### Percentage Decrease

Calculating a percentage decrease works the same way as a percentage increase.

Suppose you have the below two values where the new price is lower than the old price.

In this case, you can use the below formula to calculate the percentage decrease:

`=(B2-A2)/A2`

Since we are calculating the percentage decrease, we calculate the difference between the old and the new price and then divide that value from the old price.

## Calculate the Value After Percentage Increase/Decrease

Suppose you have a data set as shown below, where I have some values in column A and the percentage change values in column B.

Below is the formula you can use to calculate the final value that would be after incorporating the percentage change in column B:

`=A2*(1+B2)`

You need to copy and paste this formula for all the cells in Column C.

In the above formula, I first calculate the overall percentage that needs to be multiplied with the value. to do that, I add the percentage value to 1 (within brackets).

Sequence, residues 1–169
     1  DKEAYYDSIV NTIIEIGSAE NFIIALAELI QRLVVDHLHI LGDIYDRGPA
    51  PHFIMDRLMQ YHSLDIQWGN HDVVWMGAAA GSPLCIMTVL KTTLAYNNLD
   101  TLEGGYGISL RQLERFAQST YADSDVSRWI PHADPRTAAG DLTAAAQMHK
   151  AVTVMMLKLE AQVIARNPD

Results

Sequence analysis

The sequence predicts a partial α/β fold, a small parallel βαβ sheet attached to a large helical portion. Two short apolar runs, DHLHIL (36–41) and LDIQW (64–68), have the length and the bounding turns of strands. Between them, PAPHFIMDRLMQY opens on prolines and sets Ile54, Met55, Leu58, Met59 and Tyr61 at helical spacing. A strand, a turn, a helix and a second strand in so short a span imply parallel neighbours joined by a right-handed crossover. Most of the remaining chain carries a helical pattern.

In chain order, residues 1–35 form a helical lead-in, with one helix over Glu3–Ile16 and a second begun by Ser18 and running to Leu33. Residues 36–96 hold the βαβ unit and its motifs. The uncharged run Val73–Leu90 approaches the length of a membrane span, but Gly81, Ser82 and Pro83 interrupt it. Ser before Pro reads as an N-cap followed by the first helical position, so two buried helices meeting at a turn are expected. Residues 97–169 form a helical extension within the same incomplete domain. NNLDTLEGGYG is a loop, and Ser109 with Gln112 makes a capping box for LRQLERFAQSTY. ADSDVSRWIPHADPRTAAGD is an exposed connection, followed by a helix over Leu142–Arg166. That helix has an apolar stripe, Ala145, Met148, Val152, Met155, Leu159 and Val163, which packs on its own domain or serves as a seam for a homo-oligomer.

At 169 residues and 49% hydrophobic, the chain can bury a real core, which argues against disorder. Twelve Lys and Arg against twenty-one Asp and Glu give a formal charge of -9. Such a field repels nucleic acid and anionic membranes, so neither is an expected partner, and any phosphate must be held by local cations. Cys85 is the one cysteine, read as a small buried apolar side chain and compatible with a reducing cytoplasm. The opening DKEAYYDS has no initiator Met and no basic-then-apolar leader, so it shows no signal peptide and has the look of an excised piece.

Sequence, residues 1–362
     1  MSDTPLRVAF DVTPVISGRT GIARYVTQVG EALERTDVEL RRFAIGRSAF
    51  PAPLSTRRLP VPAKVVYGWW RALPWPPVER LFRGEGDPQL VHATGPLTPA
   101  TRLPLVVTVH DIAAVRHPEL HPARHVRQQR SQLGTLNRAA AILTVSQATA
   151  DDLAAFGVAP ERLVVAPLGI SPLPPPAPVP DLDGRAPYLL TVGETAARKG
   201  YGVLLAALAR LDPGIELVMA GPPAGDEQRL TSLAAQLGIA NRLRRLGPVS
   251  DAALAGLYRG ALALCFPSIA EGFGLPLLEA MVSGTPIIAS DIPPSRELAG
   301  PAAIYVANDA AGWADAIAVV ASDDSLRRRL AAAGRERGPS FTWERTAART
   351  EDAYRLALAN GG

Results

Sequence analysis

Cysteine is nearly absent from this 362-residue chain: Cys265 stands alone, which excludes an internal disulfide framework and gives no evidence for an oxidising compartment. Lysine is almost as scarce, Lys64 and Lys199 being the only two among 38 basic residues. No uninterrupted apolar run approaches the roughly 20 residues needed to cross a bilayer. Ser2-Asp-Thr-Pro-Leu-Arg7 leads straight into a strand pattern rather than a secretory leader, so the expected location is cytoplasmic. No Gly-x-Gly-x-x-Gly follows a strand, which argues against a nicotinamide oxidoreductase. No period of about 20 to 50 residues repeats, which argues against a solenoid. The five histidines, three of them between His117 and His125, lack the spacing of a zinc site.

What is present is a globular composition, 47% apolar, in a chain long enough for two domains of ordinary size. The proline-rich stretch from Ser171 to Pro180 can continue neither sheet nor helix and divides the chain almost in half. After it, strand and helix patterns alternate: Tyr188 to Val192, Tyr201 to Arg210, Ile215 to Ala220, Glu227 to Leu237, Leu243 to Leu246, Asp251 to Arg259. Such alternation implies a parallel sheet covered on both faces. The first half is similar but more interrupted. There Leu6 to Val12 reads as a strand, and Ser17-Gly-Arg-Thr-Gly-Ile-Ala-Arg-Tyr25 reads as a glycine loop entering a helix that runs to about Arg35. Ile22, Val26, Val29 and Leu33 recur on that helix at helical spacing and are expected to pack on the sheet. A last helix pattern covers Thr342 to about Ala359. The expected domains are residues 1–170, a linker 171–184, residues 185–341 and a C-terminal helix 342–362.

And this final value is then multiplied by the values in column A to get the result.

As you can see, it would work for both percentage increase and percentage decrease.

In case you’re using Excel with Microsoft 365 subscription, you can use the below formula (and you don’t need to worry about copy-pasting the formula:

`=A2:A11*(1+B2:B11)`

## Increase/Decrease an Entire Column with Specific Percentage Value

Suppose you have a data set as shown below where I have the old values in column A and I want the new values column to be 10% higher than the old values.

This essentially means that I want to increment all the values in Column A by 10%.

You can use the below formula to do this:

`=A2*(1+10%)`

The above formula simply multiplies the old value by 110%, which would end up giving you a value that is 10% higher.

Similarly, if you want to decrease the entire column by 10%, you can use the below formula:

`=A2*(1-10%)`

Remember that you need to copy and paste this formula for the entire column.

In case you have the value (by which you want to increase or decrease the entire column) in a cell, you can use the cell reference instead of hardcoding it into the formula.